Other systems 

This PPA also can be added to your system manually by copying the lines below and adding them to your system's software sources.

Step 1 - Open a terminal and type: 

sudo nano /etc/apt/sources.list

This will open a text editor containing the list of archives that your system is currently using. Scroll to the bottom of the file and paste the lines you copied in the step above. Save the file and exit the text editor. 

Step 2 - Now you need to add that key to your system so Ubuntu can verify the packages from the PPA. In your terminal, enter: 

sudo apt-key adv --keyserver --recv-keys 78A7ABE1

This will now pull down the PPA's key and add it to your system. 

Step 3 - Now, as a one-off, you should tell your system to pull down the latest list of software from each archive it knows about, including the PPA you just added:

sudo apt-get update

Now you're ready to start installing software!


How to check hardware specification in Linux

You may at times need to know about the hardware information of you computer for many reasons, such as to find a correct driver or to check everything when you want to buy a used computer. In Windows, the only tool I know is Speccy but in Linux, I'm quite familiar to some different tools. In this article, I will introduce the tools that are used with the command line only, so you wont find any tool with a graphic interface here. Also, I assume that these tools are not preinstalled in your distro by default (since I'm using Arch Linux) so just skip the installation part if you already have these tools in your system.

1 - check the /proc/ folder

The /proc/ folder has many useful files to check hardware info. The most popular files are /proc/cpuinfo (about processor info), /proc/meminfo (about RAM memory) and /proc/partitions (a full list about all disk partitions). To check these files, you can go directly to the folder and open these files with the default text editor. You can also run the "cat" command to display these files on the terminal. For example, you can run the following command to display processor info on the terminal:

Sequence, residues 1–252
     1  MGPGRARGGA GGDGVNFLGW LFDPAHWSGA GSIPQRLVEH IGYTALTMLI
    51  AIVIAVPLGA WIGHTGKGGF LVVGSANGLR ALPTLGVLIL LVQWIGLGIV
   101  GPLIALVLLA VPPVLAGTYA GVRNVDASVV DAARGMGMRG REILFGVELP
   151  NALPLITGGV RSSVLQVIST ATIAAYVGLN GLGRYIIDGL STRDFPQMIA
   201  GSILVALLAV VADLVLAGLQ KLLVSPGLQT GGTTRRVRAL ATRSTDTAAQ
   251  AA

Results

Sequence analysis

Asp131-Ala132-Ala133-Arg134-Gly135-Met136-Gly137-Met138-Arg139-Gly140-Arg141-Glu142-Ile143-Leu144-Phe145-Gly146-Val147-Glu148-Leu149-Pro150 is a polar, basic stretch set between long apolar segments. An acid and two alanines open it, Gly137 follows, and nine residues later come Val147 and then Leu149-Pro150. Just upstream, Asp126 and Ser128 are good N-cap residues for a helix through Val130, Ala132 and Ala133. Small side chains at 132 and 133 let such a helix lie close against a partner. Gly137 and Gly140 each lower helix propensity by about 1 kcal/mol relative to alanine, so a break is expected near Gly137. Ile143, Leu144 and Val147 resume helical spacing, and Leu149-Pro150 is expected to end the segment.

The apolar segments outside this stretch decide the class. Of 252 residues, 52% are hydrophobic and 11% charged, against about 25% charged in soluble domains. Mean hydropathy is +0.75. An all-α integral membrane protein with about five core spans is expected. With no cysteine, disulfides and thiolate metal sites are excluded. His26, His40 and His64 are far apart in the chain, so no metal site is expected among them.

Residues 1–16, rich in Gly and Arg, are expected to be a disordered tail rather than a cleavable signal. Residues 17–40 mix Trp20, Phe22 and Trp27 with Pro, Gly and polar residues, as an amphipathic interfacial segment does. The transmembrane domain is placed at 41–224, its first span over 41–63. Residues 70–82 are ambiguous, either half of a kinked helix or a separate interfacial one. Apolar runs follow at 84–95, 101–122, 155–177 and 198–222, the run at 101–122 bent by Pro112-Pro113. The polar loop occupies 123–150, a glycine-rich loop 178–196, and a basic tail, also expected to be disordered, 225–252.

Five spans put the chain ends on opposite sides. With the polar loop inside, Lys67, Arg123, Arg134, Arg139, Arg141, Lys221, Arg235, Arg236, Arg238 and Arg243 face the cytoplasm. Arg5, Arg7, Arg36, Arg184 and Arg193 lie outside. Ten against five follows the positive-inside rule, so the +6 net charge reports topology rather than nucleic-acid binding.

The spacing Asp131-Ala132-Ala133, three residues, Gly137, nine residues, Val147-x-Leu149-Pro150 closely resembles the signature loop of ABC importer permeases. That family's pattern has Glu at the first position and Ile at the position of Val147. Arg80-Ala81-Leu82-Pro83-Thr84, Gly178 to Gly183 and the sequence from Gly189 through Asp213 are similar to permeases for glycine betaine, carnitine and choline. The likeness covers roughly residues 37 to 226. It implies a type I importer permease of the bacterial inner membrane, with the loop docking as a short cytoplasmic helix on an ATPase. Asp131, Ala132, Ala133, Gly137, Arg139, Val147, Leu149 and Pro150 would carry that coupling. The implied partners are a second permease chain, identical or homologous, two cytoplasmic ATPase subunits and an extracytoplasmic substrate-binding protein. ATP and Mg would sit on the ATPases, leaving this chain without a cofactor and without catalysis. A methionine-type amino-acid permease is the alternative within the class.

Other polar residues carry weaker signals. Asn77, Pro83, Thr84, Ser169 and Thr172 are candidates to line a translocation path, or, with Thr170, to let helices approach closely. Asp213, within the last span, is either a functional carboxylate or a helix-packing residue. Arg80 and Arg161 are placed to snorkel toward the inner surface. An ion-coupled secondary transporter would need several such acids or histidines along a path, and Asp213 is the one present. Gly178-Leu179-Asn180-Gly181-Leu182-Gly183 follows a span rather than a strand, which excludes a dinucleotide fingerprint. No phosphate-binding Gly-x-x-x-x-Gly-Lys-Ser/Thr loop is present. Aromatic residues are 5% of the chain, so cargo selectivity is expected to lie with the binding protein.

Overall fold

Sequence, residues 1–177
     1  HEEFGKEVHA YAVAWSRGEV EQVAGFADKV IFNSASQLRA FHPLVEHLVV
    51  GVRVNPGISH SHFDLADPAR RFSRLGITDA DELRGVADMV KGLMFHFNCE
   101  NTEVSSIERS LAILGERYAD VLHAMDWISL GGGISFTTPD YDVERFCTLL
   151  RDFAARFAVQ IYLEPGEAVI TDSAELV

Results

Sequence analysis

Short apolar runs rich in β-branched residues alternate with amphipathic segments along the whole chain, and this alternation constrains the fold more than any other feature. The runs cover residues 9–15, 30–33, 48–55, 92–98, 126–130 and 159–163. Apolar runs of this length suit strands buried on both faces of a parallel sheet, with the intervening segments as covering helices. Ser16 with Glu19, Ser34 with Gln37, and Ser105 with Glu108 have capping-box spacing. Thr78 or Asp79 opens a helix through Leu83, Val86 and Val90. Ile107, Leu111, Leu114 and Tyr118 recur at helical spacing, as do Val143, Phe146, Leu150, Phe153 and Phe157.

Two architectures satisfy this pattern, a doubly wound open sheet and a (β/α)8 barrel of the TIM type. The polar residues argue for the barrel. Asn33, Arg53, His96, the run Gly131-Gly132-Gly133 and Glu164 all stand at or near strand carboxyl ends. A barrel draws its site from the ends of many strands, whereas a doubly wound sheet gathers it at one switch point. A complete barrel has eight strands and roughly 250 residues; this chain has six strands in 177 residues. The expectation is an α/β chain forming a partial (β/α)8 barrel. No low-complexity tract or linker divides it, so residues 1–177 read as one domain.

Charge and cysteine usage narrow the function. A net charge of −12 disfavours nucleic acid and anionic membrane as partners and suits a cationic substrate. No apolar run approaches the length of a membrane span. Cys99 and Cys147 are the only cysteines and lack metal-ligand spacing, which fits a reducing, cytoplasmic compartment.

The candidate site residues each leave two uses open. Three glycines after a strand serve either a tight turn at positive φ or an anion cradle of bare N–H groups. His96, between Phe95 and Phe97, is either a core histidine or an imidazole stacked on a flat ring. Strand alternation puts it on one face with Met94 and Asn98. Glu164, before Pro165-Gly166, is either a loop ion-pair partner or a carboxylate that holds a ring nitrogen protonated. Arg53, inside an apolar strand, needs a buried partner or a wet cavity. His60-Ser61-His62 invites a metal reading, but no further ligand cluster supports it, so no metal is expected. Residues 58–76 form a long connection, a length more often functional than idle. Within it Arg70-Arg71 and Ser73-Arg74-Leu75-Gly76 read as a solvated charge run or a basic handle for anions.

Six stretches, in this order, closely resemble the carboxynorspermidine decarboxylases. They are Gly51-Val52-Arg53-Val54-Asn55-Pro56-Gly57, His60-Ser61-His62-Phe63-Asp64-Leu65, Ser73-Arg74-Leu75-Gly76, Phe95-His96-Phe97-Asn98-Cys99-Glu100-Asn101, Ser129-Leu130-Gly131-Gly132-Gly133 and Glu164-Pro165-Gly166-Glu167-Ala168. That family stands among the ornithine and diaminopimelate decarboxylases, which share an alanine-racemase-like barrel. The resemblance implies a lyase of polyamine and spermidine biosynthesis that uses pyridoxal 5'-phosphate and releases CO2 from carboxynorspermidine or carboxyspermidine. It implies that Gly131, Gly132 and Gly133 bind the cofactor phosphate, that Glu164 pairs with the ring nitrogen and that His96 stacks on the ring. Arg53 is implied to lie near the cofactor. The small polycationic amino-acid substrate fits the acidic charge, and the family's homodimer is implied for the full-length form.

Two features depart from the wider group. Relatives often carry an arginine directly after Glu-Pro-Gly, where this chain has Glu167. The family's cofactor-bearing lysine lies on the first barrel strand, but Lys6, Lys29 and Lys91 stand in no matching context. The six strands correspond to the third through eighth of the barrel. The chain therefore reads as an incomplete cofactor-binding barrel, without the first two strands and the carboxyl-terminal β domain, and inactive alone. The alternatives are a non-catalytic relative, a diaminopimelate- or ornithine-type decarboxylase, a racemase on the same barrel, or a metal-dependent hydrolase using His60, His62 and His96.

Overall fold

cat /proc/cpuinfo  

2 - lshw

lshw is a small tool (just about 1MB) to extract detailed information on the hardware configuration of the machine. It can report exact memory configuration, firmware version, mainboard configuration, CPU version and speed, cache configuration, bus speed, etc. Last time I checked, lshw is preinstalled in Ubuntu by default so you can skip the installation part (but I'm not so sure about that). To install lshw in Ubuntu and other Debian based distros, run this command:

 sudo apt-get install lshw  

If you use Arch Linux, run the following command to install it.

 sudo pacman -S lshw  

If you want lshw to give a full list of hardware info in details, just run this command (the list is quite long so it may take a little time to scan and display the info )

 sudo lshw  

If you just need a short list about hardware, you can use the following command

 sudo lshw -short  

The image below is the hardware info of my laptop after I run the short lshw command: how to find hardware info

To find the info of one specific class with lshw, say the processor, you can run the following command

 sudo lshw -class processor how to check hardware info